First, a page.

"I’m sure you’re picking up on a pattern here, though — this collection is endearing itself to those who are already on board. In other words, it is a celebration for fans. There is absolutely nothing wrong with that, mind you, especially given how long fans of so many of these underrated Capcom fighting games have been waiting for their turn to get, well, anything. But it does mean that if you are a newcomer to these games specifically, or even just a fan of Capcom’s modern fighting games, this collection may not appeal to you quite as much."
Functionally, too, this collection is a great translation of these classics. There are no emulation issues, no latency or lag, everything runs incredibly well and plays perfectly. There are concessions made to modernity as well, from the ability to remap controls, to training modes, to, yes, the addition of online play (which works really well, with no obvious hitches — you’d almost swear you were playing locally, at least if you’re playing casually).
I’m sure you’re picking up on a pattern here, though — this collection is endearing itself to those who are already on board. In other words, it is a celebration for fans. There is absolutely nothing wrong with that, mind you, especially given how long fans of so many of these underrated Capcom fighting games have been waiting for their turn to get, well, anything. But it does mean that if you are a newcomer to these games specifically, or even just a fan of Capcom’s modern fighting games, this collection may not appeal to you quite as much. The games here are pretty much as is — other than the additions of Qo like save states and recappable controls, there’s no other changes. You’re not going to get a modern onboarding story mode, for example, or even English translations of previous Japan-only games.
Newcomers might end up running into another problem — as I alluded to earlier, most of these games are Darkstalker games. If you don’t like Darkstalkers, you are suddenly left with far fewer options (since very literally half the games are suddenly out of the picture). Again, I have zero issues with all these Darkstalkers games being made available to modern auricles and on modern systems — but I can’t help but wish Capcom hadn’t stopped with just these ten games. Again, Capcom has such a rich history in this genre — surely there were other games they could also have bundled in, in addition to the ten we got.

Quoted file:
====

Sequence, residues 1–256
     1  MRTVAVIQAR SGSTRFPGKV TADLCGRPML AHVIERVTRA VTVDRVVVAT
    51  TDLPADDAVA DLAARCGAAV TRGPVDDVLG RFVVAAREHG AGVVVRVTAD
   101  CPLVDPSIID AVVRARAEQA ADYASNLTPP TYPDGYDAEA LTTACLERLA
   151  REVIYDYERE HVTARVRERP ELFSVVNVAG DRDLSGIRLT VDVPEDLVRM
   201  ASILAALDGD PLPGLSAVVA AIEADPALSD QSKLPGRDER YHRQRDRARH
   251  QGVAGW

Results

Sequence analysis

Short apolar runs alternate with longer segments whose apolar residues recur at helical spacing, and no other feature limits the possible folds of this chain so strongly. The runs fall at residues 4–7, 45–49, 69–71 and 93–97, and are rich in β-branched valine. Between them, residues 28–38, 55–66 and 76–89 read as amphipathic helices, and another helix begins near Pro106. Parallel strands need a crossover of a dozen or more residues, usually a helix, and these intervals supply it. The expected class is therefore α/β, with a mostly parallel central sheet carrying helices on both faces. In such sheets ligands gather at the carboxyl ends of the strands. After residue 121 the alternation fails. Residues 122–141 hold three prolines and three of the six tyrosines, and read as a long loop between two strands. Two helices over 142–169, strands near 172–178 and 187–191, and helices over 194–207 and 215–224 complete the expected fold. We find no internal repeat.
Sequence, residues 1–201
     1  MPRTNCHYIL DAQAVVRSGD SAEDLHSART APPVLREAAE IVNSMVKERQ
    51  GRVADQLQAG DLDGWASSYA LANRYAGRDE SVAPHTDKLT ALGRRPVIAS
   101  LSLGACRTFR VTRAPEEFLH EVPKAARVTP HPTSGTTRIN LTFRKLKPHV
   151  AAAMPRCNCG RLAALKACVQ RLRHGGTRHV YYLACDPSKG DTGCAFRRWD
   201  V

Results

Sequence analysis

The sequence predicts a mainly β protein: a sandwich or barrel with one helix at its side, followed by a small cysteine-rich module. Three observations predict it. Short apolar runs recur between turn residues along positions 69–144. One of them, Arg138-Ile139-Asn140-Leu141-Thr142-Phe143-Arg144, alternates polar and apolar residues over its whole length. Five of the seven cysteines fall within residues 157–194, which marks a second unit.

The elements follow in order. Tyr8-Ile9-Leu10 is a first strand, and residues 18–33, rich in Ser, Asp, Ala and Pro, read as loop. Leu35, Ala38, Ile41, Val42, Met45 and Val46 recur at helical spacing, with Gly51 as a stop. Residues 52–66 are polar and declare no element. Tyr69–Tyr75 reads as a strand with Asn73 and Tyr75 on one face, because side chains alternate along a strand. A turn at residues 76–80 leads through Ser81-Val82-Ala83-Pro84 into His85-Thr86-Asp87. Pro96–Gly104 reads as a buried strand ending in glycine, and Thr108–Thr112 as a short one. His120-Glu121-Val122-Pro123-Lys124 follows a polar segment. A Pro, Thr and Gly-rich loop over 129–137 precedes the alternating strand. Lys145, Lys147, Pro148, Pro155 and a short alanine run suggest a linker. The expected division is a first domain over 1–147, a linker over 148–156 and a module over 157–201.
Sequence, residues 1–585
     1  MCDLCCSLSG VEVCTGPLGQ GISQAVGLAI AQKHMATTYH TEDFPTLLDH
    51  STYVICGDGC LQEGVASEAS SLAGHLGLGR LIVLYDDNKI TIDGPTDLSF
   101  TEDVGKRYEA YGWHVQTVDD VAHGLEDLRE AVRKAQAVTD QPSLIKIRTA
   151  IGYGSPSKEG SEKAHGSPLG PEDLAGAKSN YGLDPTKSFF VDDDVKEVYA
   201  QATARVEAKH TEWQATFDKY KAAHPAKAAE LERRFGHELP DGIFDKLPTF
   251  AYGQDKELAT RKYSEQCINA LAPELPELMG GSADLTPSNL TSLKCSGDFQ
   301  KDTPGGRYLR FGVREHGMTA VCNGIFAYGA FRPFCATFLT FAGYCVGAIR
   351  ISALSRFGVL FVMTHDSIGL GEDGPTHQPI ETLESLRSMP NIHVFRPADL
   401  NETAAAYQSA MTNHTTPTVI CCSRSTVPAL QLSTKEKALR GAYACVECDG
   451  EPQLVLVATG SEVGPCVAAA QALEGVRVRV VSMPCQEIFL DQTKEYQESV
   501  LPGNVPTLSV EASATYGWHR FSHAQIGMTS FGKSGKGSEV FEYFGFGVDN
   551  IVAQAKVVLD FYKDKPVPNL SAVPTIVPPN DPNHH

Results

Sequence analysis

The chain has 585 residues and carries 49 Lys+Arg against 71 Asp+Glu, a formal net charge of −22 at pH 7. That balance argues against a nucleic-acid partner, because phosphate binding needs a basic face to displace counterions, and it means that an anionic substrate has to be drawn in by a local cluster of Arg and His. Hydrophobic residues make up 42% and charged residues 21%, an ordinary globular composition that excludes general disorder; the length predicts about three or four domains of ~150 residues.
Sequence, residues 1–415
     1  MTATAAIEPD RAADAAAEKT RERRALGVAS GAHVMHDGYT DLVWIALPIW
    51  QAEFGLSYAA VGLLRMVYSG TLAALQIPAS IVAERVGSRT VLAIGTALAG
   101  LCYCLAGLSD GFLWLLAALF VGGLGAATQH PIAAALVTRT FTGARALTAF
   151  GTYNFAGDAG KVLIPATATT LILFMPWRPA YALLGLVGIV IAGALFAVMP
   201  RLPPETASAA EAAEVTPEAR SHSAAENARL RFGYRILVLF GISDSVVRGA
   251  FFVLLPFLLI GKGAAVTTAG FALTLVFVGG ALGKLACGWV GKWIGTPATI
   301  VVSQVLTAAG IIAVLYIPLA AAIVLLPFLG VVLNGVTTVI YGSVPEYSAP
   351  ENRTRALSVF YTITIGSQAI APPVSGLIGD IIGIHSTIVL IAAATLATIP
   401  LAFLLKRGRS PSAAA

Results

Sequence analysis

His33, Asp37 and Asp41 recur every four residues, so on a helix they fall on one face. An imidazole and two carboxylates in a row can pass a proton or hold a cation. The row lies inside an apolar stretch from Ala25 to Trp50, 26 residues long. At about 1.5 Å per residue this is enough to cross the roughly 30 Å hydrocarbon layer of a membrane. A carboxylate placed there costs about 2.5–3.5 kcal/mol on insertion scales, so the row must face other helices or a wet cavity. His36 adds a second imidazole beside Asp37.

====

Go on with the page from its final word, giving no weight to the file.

But ultimately, that’s all splitting hairs a little. What we got here is pretty good — very accurate and faithful translations of these classic arcade experiences, with loads of extra swag for fans, and some concessions made to modernity. Those who already loved these games, or at least love Capcom’s fighting game heritage, are going to find enough here for this to be a worthwhile purchase. If you aren’t in those categories of being either a fan of these specific games, or Capcom’s history with the genre, or even just curious about the evolution of arcade fighters though, I can’t see there being much here that particularly endears itself to you. Capcom Fighting Collection is a fine way to commemorate an important anniversary, and to make some classics previously lost to time available to modern audiences — but ultimately, it is very much preaching to the choir. Not that there is anything wrong with that.
This game was reviewed on PS4.
A collection of some great classics, including many that had never come out in the west before; loads of great extras; some nice concessions to modern QoL, such as online play and save states.
No English translations for the Japan-only games; far too much of the collection is Darkstalkers games; nothing here to endear to you if you weren't already a fan.